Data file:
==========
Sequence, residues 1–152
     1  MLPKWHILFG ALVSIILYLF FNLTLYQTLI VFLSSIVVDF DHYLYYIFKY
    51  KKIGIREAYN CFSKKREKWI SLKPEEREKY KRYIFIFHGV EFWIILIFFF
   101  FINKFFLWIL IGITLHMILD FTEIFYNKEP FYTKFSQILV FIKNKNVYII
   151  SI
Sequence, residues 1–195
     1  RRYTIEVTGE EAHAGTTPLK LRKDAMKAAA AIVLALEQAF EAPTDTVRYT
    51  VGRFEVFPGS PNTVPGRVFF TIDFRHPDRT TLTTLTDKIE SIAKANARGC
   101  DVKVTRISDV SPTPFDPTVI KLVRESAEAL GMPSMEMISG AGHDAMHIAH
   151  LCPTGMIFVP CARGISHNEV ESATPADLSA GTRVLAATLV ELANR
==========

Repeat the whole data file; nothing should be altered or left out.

Sequence, residues 1–152
     1  MLPKWHILFG ALVSIILYLF FNLTLYQTLI VFLSSIVVDF DHYLYYIFKY
    51  KKIGIREAYN CFSKKREKWI SLKPEEREKY KRYIFIFHGV EFWIILIFFF
   101  FINKFFLWIL IGITLHMILD FTEIFYNKEP FYTKFSQILV FIKNKNVYII
   151  SI
Sequence, residues 1–195
     1  RRYTIEVTGE EAHAGTTPLK LRKDAMKAAA AIVLALEQAF EAPTDTVRYT
    51  VGRFEVFPGS PNTVPGRVFF TIDFRHPDRT TLTTLTDKIE SIAKANARGC
   101  DVKVTRISDV SPTPFDPTVI KLVRESAEAL GMPSMEMISG AGHDAMHIAH
   151  LCPTGMIFVP CARGISHNEV ESATPADLSA GTRVLAATLV ELANR